This is a part of your heritage you've never been told of, and everything they ever recorded is on youtube. Don't miss it.

  • penalcolony on February 02, 2013 8:14 PM:

    Some prime Boswell Sisters titles:

    It's The Girl
    Roll on, Mississippi
    Whe I Take My Sugar to Tea
    Was That the Human Thing to Do?
    Everybody Loves My Baby
    Hand Me Down My Walkin' Cane
    We Just Couldn't Say Goodbye
    Forty-Second Street
    Shuffle Off to Buffalo
    You Oughta Be in Pictures
    Darktown Strutters Ball (VERY pre-Andrews)
    Don't Let Your Love Go Wrong ( " " " )

    As mentioned, all on youtube, as are many more, but these are good for starters . . .

  • Rick B on February 03, 2013 2:54 AM:

    I'm beginning to understand why older people obsessively read the obituaries. Their world is being slowly erased from living memory much like the memories of an Alzheimer's patient.

    WW II was before my time but filled the my earliest memories. My first non-Donald Duck comic book was about Air Force F-86 pilot Captain Steve Savage flying in Mig Alley over North Korea. My war was Vietnam, and I see in the deaths from WW II the approaching loss of my heroes - and villains.

    What was the Viking religion? You live on in the memories of those you leave behind? The Andrews Sisters live on today and will continue for a long, long time.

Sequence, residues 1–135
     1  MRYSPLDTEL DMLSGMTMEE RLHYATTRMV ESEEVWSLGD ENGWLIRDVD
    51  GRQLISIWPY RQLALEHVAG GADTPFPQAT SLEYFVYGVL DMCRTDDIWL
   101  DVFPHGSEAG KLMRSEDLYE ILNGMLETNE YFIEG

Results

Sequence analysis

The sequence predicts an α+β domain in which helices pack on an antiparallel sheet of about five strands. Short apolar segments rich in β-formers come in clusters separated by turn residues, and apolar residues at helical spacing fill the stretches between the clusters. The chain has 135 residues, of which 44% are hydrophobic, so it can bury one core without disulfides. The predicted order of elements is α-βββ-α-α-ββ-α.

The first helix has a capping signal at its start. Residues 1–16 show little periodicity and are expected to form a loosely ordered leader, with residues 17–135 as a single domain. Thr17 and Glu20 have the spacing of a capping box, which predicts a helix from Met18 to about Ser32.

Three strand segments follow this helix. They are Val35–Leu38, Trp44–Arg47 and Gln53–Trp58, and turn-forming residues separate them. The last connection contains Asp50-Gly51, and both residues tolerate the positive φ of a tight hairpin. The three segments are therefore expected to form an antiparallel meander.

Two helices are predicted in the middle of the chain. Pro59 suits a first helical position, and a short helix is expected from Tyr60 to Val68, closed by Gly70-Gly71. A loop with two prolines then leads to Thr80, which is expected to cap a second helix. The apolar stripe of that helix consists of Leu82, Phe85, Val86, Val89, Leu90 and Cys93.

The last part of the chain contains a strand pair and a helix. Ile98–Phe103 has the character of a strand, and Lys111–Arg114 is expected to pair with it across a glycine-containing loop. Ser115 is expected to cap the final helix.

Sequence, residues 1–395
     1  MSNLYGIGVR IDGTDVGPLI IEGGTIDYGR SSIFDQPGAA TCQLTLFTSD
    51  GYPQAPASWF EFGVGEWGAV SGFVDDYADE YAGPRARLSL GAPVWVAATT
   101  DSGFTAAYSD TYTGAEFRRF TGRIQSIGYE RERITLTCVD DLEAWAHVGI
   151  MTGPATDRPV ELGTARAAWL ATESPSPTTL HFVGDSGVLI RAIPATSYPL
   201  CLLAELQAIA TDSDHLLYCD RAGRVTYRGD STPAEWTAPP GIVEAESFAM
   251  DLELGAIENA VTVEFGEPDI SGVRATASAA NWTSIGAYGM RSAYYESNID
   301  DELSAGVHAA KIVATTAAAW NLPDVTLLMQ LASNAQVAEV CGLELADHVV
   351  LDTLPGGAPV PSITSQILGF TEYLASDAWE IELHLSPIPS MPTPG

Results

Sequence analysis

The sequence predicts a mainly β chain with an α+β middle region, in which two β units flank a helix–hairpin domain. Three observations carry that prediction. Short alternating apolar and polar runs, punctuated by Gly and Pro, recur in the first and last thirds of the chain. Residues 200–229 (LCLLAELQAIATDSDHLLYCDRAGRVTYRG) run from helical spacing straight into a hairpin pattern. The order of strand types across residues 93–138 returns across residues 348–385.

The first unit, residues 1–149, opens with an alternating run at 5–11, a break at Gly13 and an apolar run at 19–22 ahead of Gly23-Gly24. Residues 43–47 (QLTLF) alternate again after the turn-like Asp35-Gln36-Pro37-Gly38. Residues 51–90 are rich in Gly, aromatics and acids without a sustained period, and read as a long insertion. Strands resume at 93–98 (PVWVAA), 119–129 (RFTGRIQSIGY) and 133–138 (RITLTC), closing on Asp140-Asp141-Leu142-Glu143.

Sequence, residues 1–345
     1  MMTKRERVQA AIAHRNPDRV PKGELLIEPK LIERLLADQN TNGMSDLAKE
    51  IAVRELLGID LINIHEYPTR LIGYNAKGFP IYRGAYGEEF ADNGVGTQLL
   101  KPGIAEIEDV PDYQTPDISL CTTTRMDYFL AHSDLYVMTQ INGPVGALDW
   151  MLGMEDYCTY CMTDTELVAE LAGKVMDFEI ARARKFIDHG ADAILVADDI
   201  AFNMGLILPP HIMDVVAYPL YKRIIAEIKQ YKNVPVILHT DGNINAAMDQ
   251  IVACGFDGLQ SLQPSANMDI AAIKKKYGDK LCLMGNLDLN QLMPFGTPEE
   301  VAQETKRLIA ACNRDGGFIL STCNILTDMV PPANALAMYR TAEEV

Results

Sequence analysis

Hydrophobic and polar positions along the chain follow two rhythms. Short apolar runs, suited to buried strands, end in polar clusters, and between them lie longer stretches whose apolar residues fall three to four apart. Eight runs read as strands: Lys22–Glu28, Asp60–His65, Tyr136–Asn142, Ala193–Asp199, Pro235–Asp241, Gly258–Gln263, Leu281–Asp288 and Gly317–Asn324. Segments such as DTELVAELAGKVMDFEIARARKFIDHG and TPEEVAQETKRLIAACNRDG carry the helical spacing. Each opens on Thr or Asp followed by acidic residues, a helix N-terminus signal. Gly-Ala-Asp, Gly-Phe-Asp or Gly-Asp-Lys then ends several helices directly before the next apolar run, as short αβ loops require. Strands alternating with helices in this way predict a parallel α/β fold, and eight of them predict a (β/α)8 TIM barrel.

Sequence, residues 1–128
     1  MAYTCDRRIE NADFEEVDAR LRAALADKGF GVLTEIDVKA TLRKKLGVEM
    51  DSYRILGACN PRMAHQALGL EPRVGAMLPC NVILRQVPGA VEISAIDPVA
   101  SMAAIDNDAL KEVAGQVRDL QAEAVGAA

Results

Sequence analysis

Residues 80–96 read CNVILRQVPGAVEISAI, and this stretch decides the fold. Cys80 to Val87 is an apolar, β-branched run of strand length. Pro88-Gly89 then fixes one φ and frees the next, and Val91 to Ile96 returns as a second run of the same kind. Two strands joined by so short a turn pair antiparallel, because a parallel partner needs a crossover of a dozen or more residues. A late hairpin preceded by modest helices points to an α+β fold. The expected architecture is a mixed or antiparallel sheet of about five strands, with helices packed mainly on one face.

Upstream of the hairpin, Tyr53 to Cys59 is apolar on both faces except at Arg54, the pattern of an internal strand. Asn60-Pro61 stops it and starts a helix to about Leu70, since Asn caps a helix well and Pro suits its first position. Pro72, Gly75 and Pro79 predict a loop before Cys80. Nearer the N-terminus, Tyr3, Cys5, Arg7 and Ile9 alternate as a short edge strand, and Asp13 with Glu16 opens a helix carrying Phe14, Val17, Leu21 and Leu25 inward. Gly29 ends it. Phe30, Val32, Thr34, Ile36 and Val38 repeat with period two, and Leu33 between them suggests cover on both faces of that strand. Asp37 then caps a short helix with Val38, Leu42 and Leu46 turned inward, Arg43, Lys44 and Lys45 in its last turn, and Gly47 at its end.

• SecularAnimist on February 03, 2013 2:49 PM:

    Following on penalcolony's comments:

    The great Rob Bamberger played a lot of Andrews Sisters and Boswell Sisters recordings on his wonderful program "Hot Jazz Saturday Night" on WAMU (an NPR station in Washington DC) last night.

    I had not heard the Boswell sisters before, or heard much of the early Andrews Sisters when they were more heavily influenced by the Boswell Sisters (who the Andrews Sisters admired, and openly admitted copying).

    Really terrific stuff - more intricate, harmonically and rhythmically adventurous, and jazzier than the Andrews Sisters' later, more pop-oriented work (which was still great).

  • SecularAnimist on February 03, 2013 2:53 PM:

    Rick B wrote: "The Andrews Sisters live on today and will continue for a long, long time."

    Yep, their 1940s radio broadcasts are currently entertaining listeners about 70 light years away!

  • penalcolony on February 03, 2013 6:20 PM:

    SecularAnimist:

    Am DCist myself since 1957, and have known Bamberger via broadcasts and personally since the 1970s. Wasn't listening last night, but not at all surprised he made such an apt programming choice.

  • President Lindsay on February 03, 2013 8:38 PM:

    Thanks for posting that clip. That song was my absolute favorite when I was a kid (about 8 years old or so). We had it on an old 78 that I must have worn out playing. Probably drove my folks nuts, but I thought it was awesome (when that word actually meant something).